Ken Follett Book Reading
For a writer of dense, complex thousand-page books, Ken Follett is enjoying quite a rock star moment. His Pillars of the Earth is a much-discussed cable miniseries (though on Starz it doesn’t enjoy the same audience as an HBO or Showtime series), and his new book is the first in an American trilogy. Reviews have been very strong, so expect literate Seattle to give Follett a hero’s welcome. Town Hall is a great venue and highly recommended to fans of the author.
Where: Town Hall
When: October 1
How much: $5 general admission
Rush Hour: Dvořák’s Symphony No. 7
Want your classical dose delivered early so you have the rest of your Friday evening free? The Seattle Symphony understands and is offering a "Rush Hour" series of concerts that start at 7pm, have no intermission, and feature a happy hour starting at 5:30. The material (one of Dvořák’s best) and personnel (Schwarz and company) are the same, the pace is just a little more your style. (A more traditional presentation of the same symphony is offered Oct. 2).
Where: Benaroya Hall
When: October 1
How much: $14-$77
Issaquah Salmon Days Festival
The returning of the salmon from the sea is not mere curiosity to Northwesterners, it is essential to our way of life. Issaquah celebrates the homecoming best, with the two-day Salmon Festival, a festival that draws around 200,000 each year. Highlights include the Grand Parade, a 10K/5K fun run, tons of food and craft vendors, and tours of the downtown Issaquah Salmon Hatchery. Nice if the weather is clear, but really all the more authentic if it’s gray and misty.
Where: Downtown Issaquah
When: October 2 and 3
How much: Free
After Midnight: The Film Noir Cycle
With SIFF Cinema falling into dismally infrequent screenings and the Northwest Film Forum embracing doc and music-heavy programming, the Seattle Art Museum may just be the city’s best film repertory venue. SAM’s dependable theatre-packer has always been its noir series. Understandably, SAM returns to the well frequently, but admirably they reach far and wide for some very rarely seen gems of the genre. The most notable title this round is Nightmare Alley with Tyrone Power, but for the noir-lover, all are worth your time.
Where: Seattle Art Museum
When: October 14, 21, 28
How much: $60 series pass, $8 general admission
Silent Movie Mondays: Silent Crime Spree
Trader Joe’s continues to sponsor their diverse Silent Movie Monday series at the Paramount. This year the program includes some of silent cinema’s darkest crime dramas, including Josef von Sternberg’s masterpiece Underworld. For the film-lover who thinks silent movies are all pratfalls or the gangster film aficionado who thinks they have seen everything. Not a bad seat in the house and organist Jim Riggs is top notch. Highly recommended.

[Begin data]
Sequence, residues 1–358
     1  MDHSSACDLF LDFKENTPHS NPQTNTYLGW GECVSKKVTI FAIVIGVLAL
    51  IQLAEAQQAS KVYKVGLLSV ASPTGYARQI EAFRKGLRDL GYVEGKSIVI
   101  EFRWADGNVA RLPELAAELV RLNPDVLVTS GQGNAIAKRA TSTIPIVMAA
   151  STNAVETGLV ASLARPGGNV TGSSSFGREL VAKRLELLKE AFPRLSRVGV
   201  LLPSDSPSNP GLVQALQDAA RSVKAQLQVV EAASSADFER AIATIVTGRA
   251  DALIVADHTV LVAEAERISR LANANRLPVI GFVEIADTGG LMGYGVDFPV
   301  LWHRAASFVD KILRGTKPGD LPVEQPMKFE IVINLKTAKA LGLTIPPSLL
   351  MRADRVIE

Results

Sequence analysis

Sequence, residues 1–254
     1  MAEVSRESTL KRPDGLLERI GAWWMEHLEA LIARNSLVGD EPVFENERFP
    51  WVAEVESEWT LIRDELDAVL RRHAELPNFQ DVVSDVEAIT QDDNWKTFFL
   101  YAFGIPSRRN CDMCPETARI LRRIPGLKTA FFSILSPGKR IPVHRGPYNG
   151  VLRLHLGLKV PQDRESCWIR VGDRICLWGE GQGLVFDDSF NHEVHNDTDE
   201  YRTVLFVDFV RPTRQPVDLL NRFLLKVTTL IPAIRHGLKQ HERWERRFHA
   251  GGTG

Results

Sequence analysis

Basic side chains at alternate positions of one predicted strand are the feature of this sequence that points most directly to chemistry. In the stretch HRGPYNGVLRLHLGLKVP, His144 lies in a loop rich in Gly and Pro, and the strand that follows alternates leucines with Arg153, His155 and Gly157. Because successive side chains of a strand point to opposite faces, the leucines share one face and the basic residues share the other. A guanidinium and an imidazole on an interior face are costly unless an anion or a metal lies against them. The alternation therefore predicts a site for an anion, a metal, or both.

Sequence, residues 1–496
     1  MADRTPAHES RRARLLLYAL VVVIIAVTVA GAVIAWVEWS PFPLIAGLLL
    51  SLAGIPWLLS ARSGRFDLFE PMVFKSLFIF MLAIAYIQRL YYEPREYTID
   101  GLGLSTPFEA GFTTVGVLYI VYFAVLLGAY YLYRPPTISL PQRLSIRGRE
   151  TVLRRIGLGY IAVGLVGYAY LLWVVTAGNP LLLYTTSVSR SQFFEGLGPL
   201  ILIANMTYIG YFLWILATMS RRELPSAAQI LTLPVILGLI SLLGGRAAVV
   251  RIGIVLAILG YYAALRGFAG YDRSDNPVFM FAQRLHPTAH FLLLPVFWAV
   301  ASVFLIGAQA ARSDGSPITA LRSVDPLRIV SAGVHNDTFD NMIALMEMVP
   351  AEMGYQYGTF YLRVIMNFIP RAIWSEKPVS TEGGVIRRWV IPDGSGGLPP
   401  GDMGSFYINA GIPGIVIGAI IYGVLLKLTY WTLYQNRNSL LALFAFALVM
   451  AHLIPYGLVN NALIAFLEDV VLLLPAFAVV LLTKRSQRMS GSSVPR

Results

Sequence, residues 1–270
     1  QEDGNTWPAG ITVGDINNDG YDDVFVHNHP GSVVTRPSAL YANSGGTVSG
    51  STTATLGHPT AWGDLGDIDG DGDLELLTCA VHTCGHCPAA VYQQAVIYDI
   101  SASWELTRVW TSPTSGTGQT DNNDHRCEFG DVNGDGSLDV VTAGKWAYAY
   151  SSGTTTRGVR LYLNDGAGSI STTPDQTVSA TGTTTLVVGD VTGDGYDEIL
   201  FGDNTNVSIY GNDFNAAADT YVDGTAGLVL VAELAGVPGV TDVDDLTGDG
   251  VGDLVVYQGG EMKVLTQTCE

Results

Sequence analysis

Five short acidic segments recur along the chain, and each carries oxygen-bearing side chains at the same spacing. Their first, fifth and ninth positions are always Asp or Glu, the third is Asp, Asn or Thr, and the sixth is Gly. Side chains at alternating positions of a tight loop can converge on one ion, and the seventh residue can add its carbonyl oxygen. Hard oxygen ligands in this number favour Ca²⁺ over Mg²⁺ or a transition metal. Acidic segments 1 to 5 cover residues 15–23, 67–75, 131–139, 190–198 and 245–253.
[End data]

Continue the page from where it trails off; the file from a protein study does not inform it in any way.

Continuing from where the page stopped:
Where: Paramount Theatre
When: October 4, 11, 18, 25
How much: $12 general admission
SIFF Cinema capitalizes on their booking of the Belgian film Double Take, which features imagery of Hitchcock, by presenting four of the master’s greatest films: The Birds, The Man Who Knew Too Much, North by Northwest and Vertigo. As always, with SIFF expect the best-possible prints and the best projection in town. You really can’t revisit these great films too many times, and anyone who has missed one of these for whatever reason has the perfect opportunity.
Where: SIFF Cinema - Seattle Center
When: October 8-11
How much: $10 general admission
Harry Potter: The Exhibition
The last two movies are tantalizingly close to arrival. The kids have all the books, Lego toys, scarfs, and accessories. What else can sate their Potter appetite? Try the Pacific Science Center’s Harry Potter Exhibition, a traveling gallery of original props from the films, art, and interactive games. For the hardcore Potter fan only, which means pretty much every kid in town. Get your tickets early.
Where: Pacific Science Center
When: October 23 through January 30
How much: $14 adults, $9 youth
Tudor Choir: Songs of War and Heaven
Why is the Moore, site of some of Seattle’s best ground-breaking rock performances hosting an a cappella renaissance group? Perhaps you need to familiarize yourself with the medieval and renaissance music these folks perform. When warfare and pestilence were daily companions and the end of the world just around the corner, the music could get very dark and strange and also breathtakingly gorgeous. All are on display with Seattle’s vaunted Tudor Choir, who are featuring a new composition, Ingraham Marshall’s John Adams-esque Savage Altars.
Where: The Moore Theatre
When: October 16
How much: $21 general admission
Possibly the driest comedian alive, Steven Wright continues to prove that his success is no gimmick. Disarmingly simple, Wright didn’t just master the one-liner, he transcended it into his own irony-laden Zen fortress. Proving the jester as wise man cliche all too true, Wright delivers insights we didn’t know we needed until we heard them. "I went to a restaurant that serves ‘breakfast at any time.’ So I ordered French Toast during the Renaissance." –Steven Wright
Where: The Moore Theatre
When: October 20
How much: $27-$38